by Noel Sheppard
January 2, 2007
LifeNews.com Note: Noel Sheppard is an economist, business owner, and a featured writer at the American Thinker. He is also a contributing writer to the Free Market Project and a contributing editor for NewsBusters, a blog that focuses on media bias.
It goes without saying that one of the clarion calls for the liberal media is unlimited abortion on demand with absolutely no restrictions to a woman’s supposed “right to choose.” In a New Year’s eve article written by New York Times ombudsman Byron Calame, it is clear that the folks at the Old Gray Lady don’t understand that the killing of a baby really is murder (hat tip to Hot Air, emphasis mine throughout):
THE cover story on abortion in El Salvador in The New York Times Magazine on April 9 contained prominent references to an attention-grabbing fact. “A few” women, the first paragraph indicated, were serving 30-year jail terms for having had abortions. That reference included a young woman named Carmen Climaco. The article concluded with a dramatic account of how Ms. Climaco received the sentence after her pregnancy had been aborted after 18 weeks.
Was this the case? Not even close:
It turns out, however, that trial testimony convinced a court in 2002 that Ms. Climaco’s pregnancy had resulted in a full-term live birth, and that she had strangled the “recently born.” A three-judge panel found her guilty of “aggravated homicide,” a fact the article noted. But without bothering to check the court document containing the panel’s findings and ruling, the article’s author, Jack Hitt, a freelancer, suggested that the “truth” was different.
How did the Times miss this crucial fact? Well, it appears that no one in the "newspaper of record" bothered to fully examine the court transcript of this trial to identify the real findings. Instead, using the Times’ often-used words, the article rushed to judgment, and reported that the pregnancy had been “aborted” months before doctors testified was the case:
The physician who had performed the autopsy on the “recently born” testified that it represented a “full-term” birth, which he defined as a pregnancy with a duration of “between 38 and 42 weeks,” the ruling noted. In adopting those conclusions, the court said of another autopsy finding: “Given that the lungs floated when submerged in water, also indicating that the recently-born was breathing at birth, this confirms that we are dealing with an independent life.”
Hmmm. So, court documents state that the baby was killed between 38 and 42 weeks after fertilization. Yet, the Times reported 18 weeks. Pretty ridiculous for a major newspaper, wouldn’t you say?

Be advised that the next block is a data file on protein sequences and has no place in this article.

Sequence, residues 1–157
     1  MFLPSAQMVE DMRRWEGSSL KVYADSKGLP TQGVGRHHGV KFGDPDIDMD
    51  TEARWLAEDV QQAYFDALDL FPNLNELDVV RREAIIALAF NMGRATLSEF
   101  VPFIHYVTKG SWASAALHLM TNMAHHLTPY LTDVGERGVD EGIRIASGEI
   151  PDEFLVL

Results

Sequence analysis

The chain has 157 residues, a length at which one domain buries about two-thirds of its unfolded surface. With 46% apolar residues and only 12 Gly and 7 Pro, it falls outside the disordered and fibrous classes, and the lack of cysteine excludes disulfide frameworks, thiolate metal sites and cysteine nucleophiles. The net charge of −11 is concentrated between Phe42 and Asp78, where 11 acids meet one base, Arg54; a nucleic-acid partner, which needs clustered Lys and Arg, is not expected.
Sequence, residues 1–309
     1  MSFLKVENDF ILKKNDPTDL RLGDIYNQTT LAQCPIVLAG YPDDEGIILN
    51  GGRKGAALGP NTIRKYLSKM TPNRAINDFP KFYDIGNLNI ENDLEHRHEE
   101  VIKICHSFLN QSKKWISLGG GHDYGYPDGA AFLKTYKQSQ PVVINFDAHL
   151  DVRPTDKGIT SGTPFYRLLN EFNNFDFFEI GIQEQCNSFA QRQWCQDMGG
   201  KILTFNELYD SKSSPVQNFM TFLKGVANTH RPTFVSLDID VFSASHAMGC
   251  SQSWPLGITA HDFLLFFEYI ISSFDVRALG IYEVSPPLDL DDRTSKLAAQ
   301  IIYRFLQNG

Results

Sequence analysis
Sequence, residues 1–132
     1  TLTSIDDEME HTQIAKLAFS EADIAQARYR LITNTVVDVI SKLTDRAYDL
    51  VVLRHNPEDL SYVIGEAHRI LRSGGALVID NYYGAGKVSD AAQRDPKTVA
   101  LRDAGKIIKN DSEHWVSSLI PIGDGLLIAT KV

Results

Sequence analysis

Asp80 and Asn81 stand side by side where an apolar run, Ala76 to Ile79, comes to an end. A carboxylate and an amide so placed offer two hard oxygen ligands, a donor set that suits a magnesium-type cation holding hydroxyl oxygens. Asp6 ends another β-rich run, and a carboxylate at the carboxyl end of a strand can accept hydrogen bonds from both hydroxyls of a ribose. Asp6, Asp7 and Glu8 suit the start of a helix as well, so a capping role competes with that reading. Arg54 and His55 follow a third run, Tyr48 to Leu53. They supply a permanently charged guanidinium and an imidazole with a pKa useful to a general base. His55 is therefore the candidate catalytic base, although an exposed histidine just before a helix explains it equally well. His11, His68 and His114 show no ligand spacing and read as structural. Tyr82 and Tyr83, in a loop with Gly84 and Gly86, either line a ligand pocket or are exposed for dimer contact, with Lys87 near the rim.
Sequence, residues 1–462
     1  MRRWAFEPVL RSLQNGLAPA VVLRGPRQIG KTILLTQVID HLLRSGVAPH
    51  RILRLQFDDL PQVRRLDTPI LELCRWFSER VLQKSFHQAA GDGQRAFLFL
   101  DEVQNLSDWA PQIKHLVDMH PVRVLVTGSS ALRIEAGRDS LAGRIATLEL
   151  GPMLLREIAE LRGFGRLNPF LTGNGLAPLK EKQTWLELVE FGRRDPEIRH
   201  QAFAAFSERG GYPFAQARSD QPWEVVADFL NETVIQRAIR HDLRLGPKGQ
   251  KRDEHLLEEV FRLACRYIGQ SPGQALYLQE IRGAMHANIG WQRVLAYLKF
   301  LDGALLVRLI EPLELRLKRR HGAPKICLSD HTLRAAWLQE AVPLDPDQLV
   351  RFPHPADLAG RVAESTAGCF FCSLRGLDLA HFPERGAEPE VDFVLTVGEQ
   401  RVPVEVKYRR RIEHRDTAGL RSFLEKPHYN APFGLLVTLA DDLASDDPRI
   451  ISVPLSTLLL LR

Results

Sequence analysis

As a result, Calame chastised the Times for shoddy reporting and editing:
Exceptional care must be taken in the reporting process on sensitive articles such as this one to avoid the slightest perception of bias. Paul Tough, the editor on the article, acknowledged in an e-mail to me that in reporting this story, Mr. Hitt used an unpaid translator who has done consulting work for Ipas, an abortion rights advocacy group, for his interviews with Ms. Climaco and D.C. This wasn’t ideal, he said, but the risk posed for sources in this situation required the use of intermediaries “to some degree.”
The magazine’s failure to check the court ruling was then compounded for me by the handling of reader complaints about the issue. The initial complaints triggered a public defense of the article by two assistant managing editors before the court ruling had even been translated into English or Mr. Hitt had finished checking various sources in El Salvador. After being queried by the office of the publisher about a possible error, Craig Whitney, who is also the paper’s standards editor, drafted a response that was approved by Gerald Marzorati, who is also the editor of the magazine. It was forwarded on Dec. 1 to the office of the publisher, which began sending it to complaining readers.
The response said that while the “fair and dispassionate” story noted Ms. Climaco’s conviction of aggravated homicide, the article “concluded that it was more likely that she had had an illegal abortion.” The response ended by stating, “We have no reason to doubt the accuracy of the facts as reported in our article, which was not part of any campaign to promote abortion.”
Regardless of facts presented to the Times well after the article had been published, its staff, much like CBS, Dan Rather, and Mary Mapes, still stood behind the story:
After the English translation of the court ruling became available on Dec. 8, I asked Mr. Marzorati if he continued to have “no reason to doubt the accuracy of the facts” in the article. His e-mail response seemed to ignore the ready availability of the court document containing the findings from the trial before the three-judge panel and its sentencing decision. He referred to it as the “third ruling,” since the trial is the third step in the judicial process.
The article was “as accurate as it could have been at the time it was written,” Mr. Marzorati wrote to me. “I also think that if the author and we editors knew of the contents of that third ruling, we would have qualified what we said about Ms. Climaco. Which is NOT to say that I simply accept the third ruling as ‘true’; El Salvador’s judicial system is terribly politicized.”
I asked Mr. Whitney if he intended to suggest that the office of the publisher bring the court’s findings to the attention of those readers who received the “no reason to doubt” response, or that a correction be published. The latest word from the standards editor: “No, I’m not ready to do that, nor to order up a correction or Editors’ Note at this point.”
One thing is clear to me, at this point, about the key example of Carmen Climaco. Accuracy and fairness were not pursued with the vigor Times readers have a right to expect.